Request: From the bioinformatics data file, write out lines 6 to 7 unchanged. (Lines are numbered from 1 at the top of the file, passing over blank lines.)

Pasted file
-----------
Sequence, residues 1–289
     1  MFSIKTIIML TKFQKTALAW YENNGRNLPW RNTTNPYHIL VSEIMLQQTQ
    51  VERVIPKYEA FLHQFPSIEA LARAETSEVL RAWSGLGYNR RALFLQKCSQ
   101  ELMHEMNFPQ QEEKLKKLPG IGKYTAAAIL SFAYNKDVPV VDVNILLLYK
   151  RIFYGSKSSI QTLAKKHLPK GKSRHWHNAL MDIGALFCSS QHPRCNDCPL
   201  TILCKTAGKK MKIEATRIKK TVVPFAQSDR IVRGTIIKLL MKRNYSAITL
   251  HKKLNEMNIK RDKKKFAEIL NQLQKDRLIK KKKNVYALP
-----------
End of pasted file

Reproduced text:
   201  TILCKTAGKK MKIEATRIKK TVVPFAQSDR IVRGTIIKLL MKRNYSAITL
   251  HKKLNEMNIK RDKKKFAEIL NQLQKDRLIK KKKNVYALP